U.K. firm Ashurst and Australia's Blake Dawson have announced a deal to combine their Asia operations and prepare for a full merger in 2014.
The plan, which was approved by votes at both partnerships Friday, also calls for Blake Dawson to adopt the Ashurst brand in Australia as well as in the combined Asia offices. The integration of the Asian offices and the re-branding of Blake Dawson are scheduled to take effect March 2012, with a vote on a full merger envisioned roughly two years after that.
If the merger took place today, it would give the combined firm more than 1,700 lawyers and revenue of around $850 million.
Ashurst Asia head Geoffrey Green, a former firmwide senior partner, will chair the merged Asia practice, which will number around 150 lawyers to start. The 900-lawyer British firm currently has around 75 lawyers in Asia with roughly 30 lawyers apiece in Hong Kong and Singapore, plus a smaller office in Tokyo. Blake Dawson will also contribute around 75 lawyers to the combined practice, drawing from offices in Shanghai, Singapore, Tokyo, New Guinea and Indonesia. There Australia-based Blake Dawson partners whose practices are mainly focused on Asia will also be part of the Ashurst Asia group.
Leaders at both firms say they saw the deal as a way to ramp up their presence in Asia relatively quickly.
Green says Ashurst sees the deal as a chance to make up ground with Magic Circle firms that have many more lawyers on the ground in Asia. "They have a significant resource base that we don't," he says. "It would be difficult for us to build that organically. We needed to do something that increased the pace of our growth."
Blake Dawson managing partner John Carrington says the tie-up brings similar benefits to his firm. "It provides us with a level of critical mass in the region that would have been hard to achieve otherwise."
The deal between Ashurst and Blake Dawson is the latest in a string of deals between British and Australian firms. Norton Rose kicked off the trend in 2009 with the announcement of a combination with Deacons Australia. Earlier this year, Clifford Chance acquired two small firms in Sydney and Perth, and DLA Piper fully merged with Australian alliance partner DLA Phillips Fox.
But Blake Dawson is the largest and most prominent Australian firm to date to engage in an international tie-up. One of Australia's Big Six firms along with Mallesons Stephen Jaques, Allens Arthur Robinson, Minter Ellison, Clayton Utz and Freehills, Blake Dawson has 828 lawyers. The imminent disappearance of its name from the Aussie legal scene is bound to prompt further soul-searching about international strategy from the remaining five unaligned firms.
For most of the British firms, expanding into Australia has been chiefly about getting in on the booming investment flows between Asia and Australia. Its rich energy and natural resource assets have made Australia one of the top destinations for outbound investment from both China and Japan.
Energy and natural resources are marquee practices at both Ashurst and Blake Dawson. Carrington notes the two firms' practices are actually quite complementary. "We have a very strong hard-rock mining practice," he says. "They have a slightly stronger [liquid natural gas], oil, and gas practice."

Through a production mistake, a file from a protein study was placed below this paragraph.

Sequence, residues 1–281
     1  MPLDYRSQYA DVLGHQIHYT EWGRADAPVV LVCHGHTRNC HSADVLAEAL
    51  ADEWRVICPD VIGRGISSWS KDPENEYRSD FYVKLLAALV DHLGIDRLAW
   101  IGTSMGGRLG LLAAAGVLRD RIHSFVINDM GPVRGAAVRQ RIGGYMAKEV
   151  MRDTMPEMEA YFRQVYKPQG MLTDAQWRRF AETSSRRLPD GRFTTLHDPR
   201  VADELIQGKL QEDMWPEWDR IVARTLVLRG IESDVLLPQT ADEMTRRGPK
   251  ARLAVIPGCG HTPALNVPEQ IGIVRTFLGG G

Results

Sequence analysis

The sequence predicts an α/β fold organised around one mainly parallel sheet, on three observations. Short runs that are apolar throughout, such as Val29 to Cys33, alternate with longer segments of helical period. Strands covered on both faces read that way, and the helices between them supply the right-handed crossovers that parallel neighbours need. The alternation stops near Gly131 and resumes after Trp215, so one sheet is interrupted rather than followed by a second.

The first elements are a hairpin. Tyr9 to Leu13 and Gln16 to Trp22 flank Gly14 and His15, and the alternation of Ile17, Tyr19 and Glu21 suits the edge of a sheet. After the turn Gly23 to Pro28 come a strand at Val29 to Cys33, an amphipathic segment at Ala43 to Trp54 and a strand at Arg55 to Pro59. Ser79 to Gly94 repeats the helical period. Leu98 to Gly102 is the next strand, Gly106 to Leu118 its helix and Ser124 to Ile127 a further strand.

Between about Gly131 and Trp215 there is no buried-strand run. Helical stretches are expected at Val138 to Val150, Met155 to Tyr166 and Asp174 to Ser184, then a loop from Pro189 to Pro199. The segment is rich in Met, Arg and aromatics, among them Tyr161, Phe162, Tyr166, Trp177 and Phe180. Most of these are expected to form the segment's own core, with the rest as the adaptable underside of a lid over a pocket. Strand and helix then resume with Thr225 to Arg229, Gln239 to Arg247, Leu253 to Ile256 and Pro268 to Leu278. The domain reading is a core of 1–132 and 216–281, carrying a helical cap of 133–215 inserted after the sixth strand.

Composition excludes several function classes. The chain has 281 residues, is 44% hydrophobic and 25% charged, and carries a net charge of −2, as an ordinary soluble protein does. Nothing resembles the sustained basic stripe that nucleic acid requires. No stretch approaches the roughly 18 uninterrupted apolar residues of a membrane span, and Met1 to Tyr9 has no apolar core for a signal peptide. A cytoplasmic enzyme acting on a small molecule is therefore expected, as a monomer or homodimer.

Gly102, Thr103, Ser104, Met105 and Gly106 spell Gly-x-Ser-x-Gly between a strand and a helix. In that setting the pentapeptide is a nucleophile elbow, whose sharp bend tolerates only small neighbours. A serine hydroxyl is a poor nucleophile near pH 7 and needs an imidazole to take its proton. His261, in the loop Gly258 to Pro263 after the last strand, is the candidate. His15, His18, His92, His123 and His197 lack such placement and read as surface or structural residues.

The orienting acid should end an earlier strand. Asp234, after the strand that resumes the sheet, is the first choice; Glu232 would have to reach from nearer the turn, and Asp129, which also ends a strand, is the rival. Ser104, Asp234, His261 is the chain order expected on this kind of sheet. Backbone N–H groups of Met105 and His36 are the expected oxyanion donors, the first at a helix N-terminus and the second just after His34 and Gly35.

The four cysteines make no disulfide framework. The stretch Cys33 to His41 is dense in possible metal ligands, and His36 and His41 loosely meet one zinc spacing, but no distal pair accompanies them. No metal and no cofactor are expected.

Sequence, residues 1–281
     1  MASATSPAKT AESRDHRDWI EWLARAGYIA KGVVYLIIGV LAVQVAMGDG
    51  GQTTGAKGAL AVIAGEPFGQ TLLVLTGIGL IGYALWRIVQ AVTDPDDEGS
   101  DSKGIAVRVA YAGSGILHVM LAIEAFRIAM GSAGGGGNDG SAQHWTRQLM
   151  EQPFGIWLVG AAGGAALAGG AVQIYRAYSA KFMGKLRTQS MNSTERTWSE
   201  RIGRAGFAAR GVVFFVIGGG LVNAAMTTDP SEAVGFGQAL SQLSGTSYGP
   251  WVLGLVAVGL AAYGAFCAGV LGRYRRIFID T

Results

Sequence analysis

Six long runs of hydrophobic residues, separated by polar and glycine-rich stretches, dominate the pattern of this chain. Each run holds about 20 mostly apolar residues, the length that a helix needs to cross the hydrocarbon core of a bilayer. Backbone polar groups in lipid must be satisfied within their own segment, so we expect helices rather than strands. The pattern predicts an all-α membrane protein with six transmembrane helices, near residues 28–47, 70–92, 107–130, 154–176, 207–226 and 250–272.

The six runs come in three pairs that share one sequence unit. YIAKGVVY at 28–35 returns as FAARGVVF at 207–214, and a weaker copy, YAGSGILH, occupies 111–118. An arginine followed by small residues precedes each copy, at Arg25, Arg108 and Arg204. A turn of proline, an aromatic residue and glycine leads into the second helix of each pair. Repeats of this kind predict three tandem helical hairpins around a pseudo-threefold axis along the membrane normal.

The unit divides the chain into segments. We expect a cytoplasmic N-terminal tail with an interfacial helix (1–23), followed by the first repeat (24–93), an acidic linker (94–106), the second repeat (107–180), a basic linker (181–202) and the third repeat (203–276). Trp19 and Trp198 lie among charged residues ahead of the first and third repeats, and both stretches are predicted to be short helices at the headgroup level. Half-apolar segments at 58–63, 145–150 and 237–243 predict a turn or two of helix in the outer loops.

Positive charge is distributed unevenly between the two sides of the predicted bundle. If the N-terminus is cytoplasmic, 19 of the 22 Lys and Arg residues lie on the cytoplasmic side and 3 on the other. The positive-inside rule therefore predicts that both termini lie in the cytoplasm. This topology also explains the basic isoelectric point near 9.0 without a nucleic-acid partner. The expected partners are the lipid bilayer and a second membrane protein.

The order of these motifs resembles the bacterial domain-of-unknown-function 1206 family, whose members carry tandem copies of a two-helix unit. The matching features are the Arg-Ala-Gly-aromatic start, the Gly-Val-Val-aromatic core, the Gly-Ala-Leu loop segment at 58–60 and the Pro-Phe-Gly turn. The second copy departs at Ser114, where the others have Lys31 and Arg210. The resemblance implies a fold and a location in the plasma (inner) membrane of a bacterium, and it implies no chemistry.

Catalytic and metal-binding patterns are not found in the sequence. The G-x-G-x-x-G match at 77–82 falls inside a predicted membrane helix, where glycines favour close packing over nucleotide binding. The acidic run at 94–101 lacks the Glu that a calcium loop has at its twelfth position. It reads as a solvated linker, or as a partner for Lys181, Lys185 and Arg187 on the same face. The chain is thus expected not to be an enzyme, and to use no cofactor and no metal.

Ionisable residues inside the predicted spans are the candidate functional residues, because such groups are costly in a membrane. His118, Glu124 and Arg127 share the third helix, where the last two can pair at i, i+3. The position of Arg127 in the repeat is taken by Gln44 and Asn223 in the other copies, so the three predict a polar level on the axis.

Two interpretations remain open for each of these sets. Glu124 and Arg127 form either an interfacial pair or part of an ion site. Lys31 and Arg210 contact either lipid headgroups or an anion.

But Blake Dawson chairman Mary Padbury says the Australian firm will also benefit from Ashurst's larger capital markets and finance practices. Both firms represent Australia and New Zealand Banking Group Ltd., one of the more international-minded Australian banks.
Australian firms have generally regarded tie-ups with U.K. firms as a means of gaining access to a larger non-Australian client base. Carrington says Blake Dawson hopes to work more with Ashurst's U.K. and European clients but is committed to remaining full-service in Australia as well.
Other U.K. firms have made a virtue of not being full-service in Australia, citing the lower yields on purely domestic work like litigation. Allen & Overy recruited a large group of corporate partners, mainly from Clayton Utz, and entered Australia on its own at the beginning of 2010, stating its intention to focus on high-end, cross-border deals. Clifford Chance, which previously discussed a merger with Mallesons, gave similar reasons in eschewing a large-scale deal in favor of the smaller combinations it ultimately completed.
Green says Ashurst, with its smaller Asian footprint, would have found a similar approach "pointless." "To have people available and in the same time zone will be a real benefit for us," he says.
He also notes the continued growth of the Australian economy in the face of downturns everywhere else may change some British lawyers' views on the market. "Australia is doing extremely well and the expectation is that it will continue to do well as long as North Asia continues to grow," he says.
Though a vote on a full merger is still over two years away, Carrington says the two firms will immediately set up an integration committee to ready the firms for the transition. The firms are aiming to have a single partner profit pool, says Green, adding that Blake Dawson's profits per partner are currently around 10 percent lower than those of Ashurst. Getting the two in closer alignment will be a major goal of the next two years.
No one expects this to be the last deal involving firms in Australia. Mallesons and King & Wood have confirmed talking about an alliance that could likewise see their Asia practices merge. A bevy of other U.K. and U.S. firms are also rumored to be eyeing Australia.
Darryl McDonough, chief executive partner of Clayton Utz, says most Australian firms have already been thinking hard on their options but senses things could become more frenzied still.
"There might be a degree of panic creeping in," he says. "The people who'll do best are probably the ones who keep their heads and think things through in a businesslike manner."